When we think recursively, we think about processing all of one subtree before processing the next subtree. That means we traverse down to a leaf in one subtree before we look at even the topmost node in the other subtree. However, there are times that it makes sense to process all of the nodes at one level before going on to the next level. An algorithm that goes across each level, one at a time, is called a breadth-first algorithm. A traversal algorithm that goes deep into one subtree before processing the next subtree is called a depth-first algorithm. Once again, a client may want to know which approach you will use or choose which approach you will use.

We usually have to visit a node before we visit its children - after all, in many implementations we get the information on the children from the node. However, we can choose different orders in which to process nodes. Two general approaches are preorder, in which we process a node before processing its children and postorder, in which we process a node after processing its children. Preorder processing is also called top-down and postorder processing is also called bottom-up. For binary trees with a depth-first approach, it is also possible to support inorder processing - process the left subtree, process the node, then process the right subtree.

So, when we write algorithms that process trees, we have three decisions to make:

- left-to-right or right-to-left;
- breadth-first or depth-first; and
- preorder, postorder, or (if appropriate), inorder.

That gives about ten different orders. Why ten and not twelve? Because inorder breadth-first traversal doesn’t make a lot of sense, given that children are on different levels.

Do these different approaches visit nodes in different orders? Certainly. Let’s look at a simple binary search tree or BST. In a BST, everything to the left of a value is less than the value and everything to the right of the value is greater than the value.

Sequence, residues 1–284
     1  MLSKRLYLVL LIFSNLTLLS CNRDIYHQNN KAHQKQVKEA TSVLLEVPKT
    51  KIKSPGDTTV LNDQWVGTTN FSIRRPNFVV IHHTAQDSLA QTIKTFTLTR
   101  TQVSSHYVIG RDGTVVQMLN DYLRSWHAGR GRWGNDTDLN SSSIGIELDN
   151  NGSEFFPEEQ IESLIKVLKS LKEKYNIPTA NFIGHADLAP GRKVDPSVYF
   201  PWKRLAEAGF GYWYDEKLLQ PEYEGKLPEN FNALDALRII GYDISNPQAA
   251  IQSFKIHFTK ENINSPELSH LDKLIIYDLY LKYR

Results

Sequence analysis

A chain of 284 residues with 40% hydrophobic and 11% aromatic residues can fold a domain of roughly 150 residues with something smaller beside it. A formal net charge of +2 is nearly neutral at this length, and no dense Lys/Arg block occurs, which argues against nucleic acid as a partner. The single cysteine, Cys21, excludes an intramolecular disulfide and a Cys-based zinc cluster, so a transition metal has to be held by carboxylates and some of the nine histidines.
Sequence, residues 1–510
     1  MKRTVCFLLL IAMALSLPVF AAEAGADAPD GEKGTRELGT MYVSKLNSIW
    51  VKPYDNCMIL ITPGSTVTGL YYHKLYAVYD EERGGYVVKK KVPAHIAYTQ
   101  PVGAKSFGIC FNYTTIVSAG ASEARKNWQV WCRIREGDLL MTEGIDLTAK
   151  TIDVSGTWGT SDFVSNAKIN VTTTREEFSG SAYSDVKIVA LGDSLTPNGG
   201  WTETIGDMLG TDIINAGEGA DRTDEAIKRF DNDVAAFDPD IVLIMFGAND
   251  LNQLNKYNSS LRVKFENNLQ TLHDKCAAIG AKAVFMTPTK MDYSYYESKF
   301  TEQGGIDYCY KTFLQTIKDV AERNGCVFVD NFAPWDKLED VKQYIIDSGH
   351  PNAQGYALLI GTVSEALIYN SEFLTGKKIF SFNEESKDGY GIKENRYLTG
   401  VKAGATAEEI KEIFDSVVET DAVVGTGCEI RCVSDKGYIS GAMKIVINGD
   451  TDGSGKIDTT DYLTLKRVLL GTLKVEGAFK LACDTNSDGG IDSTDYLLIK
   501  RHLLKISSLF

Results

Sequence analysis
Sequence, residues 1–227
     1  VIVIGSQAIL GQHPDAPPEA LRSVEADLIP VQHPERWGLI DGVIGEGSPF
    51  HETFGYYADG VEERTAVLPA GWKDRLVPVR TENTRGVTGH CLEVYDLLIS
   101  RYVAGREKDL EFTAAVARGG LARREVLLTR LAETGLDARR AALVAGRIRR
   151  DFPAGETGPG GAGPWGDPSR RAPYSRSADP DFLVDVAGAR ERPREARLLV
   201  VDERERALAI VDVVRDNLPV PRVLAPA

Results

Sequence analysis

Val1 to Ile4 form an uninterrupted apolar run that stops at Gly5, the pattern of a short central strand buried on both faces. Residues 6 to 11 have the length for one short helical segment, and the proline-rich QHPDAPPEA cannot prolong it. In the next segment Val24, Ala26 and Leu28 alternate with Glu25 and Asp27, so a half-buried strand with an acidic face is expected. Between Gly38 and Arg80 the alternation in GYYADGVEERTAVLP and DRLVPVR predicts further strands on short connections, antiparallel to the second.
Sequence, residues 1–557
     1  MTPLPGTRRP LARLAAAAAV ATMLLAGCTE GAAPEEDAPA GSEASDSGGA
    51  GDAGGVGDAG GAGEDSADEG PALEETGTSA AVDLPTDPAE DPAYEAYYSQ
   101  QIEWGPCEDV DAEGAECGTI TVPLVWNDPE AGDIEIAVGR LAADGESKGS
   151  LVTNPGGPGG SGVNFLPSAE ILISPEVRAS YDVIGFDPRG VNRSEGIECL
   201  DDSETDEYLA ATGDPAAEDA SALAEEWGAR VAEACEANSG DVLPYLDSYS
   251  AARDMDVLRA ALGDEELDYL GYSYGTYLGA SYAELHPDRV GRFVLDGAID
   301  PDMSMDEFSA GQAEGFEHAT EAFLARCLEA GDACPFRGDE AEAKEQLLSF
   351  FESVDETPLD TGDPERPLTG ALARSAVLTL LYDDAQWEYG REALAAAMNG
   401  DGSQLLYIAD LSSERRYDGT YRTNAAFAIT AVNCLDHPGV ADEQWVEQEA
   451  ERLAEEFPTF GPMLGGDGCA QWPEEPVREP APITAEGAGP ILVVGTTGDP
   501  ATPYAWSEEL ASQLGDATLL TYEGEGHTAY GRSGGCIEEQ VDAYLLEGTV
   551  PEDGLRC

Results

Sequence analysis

```
e
/ \
c h
/ \ / \
a d f j
```

Before you read on, make a note to yourself how you’d visit the tree in each of the orders given above.

Ready? Fill in the following table.

Policy | Order Elements are Processed |
---|---|

Depth first, Preorder, Left to right | |

Depth first, Preorder, Right to left | |

Depth first, Postorder, Left to right | |

Depth first, Postorder, Right to left | |

Depth first, Inorder, Left to right | |

Depth first, Inorder, Right to left | |

Breadth first, Preorder, Left to right | |

Breadth first, Preorder, Right to left | |

Breadth first, Postorder, Left to right | |

Breadth first, Postorder, Right to left |

Are you done? Here’s what we get.

Policy | Order Elements are Processed |
---|---|

Depth first, Preorder, Left to right | e c a d h f j |

Depth first, Preorder, Right to left | e h j f c d a |

Depth first, Postorder, Left to right | a d c f j h e |

Depth first, Postorder, Right to left | j f h d a c e |

Depth first, Inorder, Left to right | a c d e f h j |

Depth first, Inorder, Right to left | j h f e d c a |

Breadth first, Preorder, Left to right | e c h a d f j |

Breadth first, Preorder, Right to left | e h c j f d a |

Breadth first, Postorder, Left to right | a d f j c h e |

Breadth first, Postorder, Right to left | j f d a h c e |

Wasn’t that fun? Surprisingly, there are use cases for each of the traversal orders (or at least most of them).

We indicated that there are some times that it’s useful to use trees to compute a value. Here’s one of the most common: Computer scientists often use trees to represent arithmetic expressions. For example, consider the following might represent the expression $(3+4)*(-(5+6))$.

```
*
/ \
/ \
+ -
/ \ |
/ \ |
3 4 +
/ \
/ \
5 6
```

To evaluate this tree, we need to evaluate both subtrees and then combine them using the operation. So we evaluate the $3+4$ subtree and the $-(5+6)$ and multiply them together.